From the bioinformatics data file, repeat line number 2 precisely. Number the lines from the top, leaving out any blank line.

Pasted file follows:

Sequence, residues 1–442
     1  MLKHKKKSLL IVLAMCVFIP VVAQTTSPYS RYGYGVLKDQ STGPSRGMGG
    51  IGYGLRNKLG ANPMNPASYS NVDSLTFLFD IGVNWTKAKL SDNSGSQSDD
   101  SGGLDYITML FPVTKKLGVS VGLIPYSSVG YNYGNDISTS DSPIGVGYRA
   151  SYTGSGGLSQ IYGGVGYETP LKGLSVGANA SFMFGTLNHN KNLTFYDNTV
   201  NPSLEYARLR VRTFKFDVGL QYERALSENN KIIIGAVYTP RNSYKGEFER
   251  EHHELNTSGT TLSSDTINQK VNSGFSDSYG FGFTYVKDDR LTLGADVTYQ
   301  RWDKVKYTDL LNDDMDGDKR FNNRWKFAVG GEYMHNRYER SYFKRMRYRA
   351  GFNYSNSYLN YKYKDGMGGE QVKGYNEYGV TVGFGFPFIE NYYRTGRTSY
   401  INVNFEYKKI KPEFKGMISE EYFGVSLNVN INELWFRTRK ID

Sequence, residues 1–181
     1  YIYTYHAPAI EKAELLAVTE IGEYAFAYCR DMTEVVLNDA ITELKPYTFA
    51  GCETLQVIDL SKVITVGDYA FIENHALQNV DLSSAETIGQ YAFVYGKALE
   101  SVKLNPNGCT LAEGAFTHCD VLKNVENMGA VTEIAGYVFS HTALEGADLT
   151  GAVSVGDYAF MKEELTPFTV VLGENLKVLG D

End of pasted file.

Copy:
     1  MLKHKKKSLL IVLAMCVFIP VVAQTTSPYS RYGYGVLKDQ STGPSRGMGG